The Mysterious Voice of the One String Phono Fiddle
The phonofiddle is not to be confused with the Stroh Violin. It is a relative in the same family, but has not got a violin fingerboard, rather a long flat fingerboard, and most notably, it only has one string.
At the beginning of the 20th Century these instruments were a bit of a fad. They were novelty instruments, they sounded strange and looked stranger. You would typically find them being played in the music halls of the day. The majority of them were produced by A.T. Howson in London at the end of the 19th Century. Few of them survive in a playable condition.
Initially the most striking thing is that they have no resonating body. How do they even project the sound? They use a sound producing diaphragm as found in an old phonograph. The sound is then projected through an attached metal horn, this gives it quite an evocative and interesting tone. Depending on the talent of the player it can sound like anything from a ‘thin’ violin, to an old 78 record, to a mosquito with a sore throat. The instrument can be played with any horse hair bow, a cello bow is possible, but a bit unwieldy for such a fragile instrument. A violin bow works fine. The fiddle sits between the knees and is played vertically, actually in a similar way to many bowed instruments from India, China and other parts of Asia.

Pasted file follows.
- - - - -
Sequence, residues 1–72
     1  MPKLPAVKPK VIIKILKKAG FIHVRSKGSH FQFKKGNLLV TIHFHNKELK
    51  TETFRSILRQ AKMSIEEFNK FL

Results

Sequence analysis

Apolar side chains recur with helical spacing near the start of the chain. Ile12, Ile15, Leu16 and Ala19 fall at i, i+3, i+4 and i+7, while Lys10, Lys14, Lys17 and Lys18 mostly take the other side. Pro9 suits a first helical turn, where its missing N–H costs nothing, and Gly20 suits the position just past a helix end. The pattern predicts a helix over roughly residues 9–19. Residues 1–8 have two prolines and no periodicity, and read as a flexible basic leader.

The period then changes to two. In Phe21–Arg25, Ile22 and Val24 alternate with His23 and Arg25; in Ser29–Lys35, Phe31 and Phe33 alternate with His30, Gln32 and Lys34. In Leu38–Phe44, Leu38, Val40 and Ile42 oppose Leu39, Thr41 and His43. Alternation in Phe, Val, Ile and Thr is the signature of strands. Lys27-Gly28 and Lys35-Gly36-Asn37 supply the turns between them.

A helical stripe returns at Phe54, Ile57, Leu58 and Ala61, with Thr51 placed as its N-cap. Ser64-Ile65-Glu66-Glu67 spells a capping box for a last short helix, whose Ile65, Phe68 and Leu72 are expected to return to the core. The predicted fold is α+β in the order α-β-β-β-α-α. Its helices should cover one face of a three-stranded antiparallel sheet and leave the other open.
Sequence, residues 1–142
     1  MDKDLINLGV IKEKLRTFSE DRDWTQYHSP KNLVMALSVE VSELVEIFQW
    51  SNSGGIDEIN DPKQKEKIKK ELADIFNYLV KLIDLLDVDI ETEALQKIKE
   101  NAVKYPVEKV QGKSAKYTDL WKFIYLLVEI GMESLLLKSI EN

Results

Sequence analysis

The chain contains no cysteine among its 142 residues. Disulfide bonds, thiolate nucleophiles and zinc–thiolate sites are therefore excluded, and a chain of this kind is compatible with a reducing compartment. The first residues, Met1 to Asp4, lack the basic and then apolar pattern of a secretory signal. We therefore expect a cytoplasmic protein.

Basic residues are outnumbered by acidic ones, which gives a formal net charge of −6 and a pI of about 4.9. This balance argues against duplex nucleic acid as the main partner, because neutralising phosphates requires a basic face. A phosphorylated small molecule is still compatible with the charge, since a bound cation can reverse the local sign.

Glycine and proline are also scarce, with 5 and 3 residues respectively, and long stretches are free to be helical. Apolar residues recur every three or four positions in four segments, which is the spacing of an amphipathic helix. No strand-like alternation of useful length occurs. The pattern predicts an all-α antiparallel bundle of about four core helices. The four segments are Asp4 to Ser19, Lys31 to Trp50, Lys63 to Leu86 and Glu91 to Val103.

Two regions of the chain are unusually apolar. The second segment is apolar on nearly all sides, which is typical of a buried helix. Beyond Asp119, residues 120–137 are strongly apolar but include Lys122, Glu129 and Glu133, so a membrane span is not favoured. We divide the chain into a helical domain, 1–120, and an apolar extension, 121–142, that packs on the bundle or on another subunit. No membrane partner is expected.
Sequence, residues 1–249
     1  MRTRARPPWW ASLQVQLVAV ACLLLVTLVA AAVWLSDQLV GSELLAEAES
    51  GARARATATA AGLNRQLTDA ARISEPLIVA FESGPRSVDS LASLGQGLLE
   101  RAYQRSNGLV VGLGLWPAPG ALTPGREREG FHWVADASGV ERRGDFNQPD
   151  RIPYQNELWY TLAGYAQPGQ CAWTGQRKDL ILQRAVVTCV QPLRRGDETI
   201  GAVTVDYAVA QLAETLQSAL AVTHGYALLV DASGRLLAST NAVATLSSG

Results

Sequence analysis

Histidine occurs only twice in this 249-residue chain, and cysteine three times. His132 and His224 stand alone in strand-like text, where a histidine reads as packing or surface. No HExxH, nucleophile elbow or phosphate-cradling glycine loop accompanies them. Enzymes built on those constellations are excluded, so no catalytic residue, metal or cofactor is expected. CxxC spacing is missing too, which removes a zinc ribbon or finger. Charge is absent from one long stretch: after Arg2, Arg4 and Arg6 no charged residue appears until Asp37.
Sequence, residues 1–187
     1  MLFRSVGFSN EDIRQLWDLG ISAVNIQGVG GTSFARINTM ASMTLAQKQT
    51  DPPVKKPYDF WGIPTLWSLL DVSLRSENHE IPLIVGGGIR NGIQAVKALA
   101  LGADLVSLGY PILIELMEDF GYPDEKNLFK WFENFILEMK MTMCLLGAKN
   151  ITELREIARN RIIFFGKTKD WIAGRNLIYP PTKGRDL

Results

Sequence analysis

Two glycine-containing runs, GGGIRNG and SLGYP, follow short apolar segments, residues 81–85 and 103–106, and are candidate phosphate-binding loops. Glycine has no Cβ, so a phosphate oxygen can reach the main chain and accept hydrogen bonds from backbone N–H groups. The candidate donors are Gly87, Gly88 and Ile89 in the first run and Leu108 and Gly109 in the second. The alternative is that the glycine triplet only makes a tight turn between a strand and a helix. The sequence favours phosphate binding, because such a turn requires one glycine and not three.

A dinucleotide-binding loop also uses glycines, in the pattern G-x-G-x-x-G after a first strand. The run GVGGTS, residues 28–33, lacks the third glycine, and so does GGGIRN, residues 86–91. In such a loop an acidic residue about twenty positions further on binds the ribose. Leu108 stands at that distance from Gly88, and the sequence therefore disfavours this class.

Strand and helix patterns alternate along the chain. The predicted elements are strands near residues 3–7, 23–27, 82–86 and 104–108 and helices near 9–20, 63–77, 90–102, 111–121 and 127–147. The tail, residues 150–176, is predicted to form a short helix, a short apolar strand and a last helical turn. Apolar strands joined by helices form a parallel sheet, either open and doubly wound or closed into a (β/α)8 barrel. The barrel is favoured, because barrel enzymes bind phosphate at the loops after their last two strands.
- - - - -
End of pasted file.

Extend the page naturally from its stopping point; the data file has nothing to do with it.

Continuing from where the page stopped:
You will not find many of these instruments left in the world. You may see old and damaged ones in museums around the globe, but it is a disappearing artifact. Since it was little more than a novelty instrument to begin with, there is also obviously no traditional repertoire for it. It is a tricky instrument to play, having only one string and a very small musical range of just over one octave. This severely limits the types of music it can produce.
‘The Mysterious Voice of the One String Phonofiddle’ is an album of music which aims to not only introduce the instrument to the curious quidnuncs of the public, but also to address some of the questions raised about musical styles and idioms. The album, by Makmed the Miller, contains fifteen tracks. Most of them are original pieces of work, some more or less improvisations, others ‘real’ tunes. The styles move between tunes of ‘the old world’ and the blips and bleeps of the post-situationist musical landscape in which we find ourselves today.
If you would like the opportunity to hear this album, you can purchase a CD from this blog. Please send an email to Makmed at firstname.lastname@example.org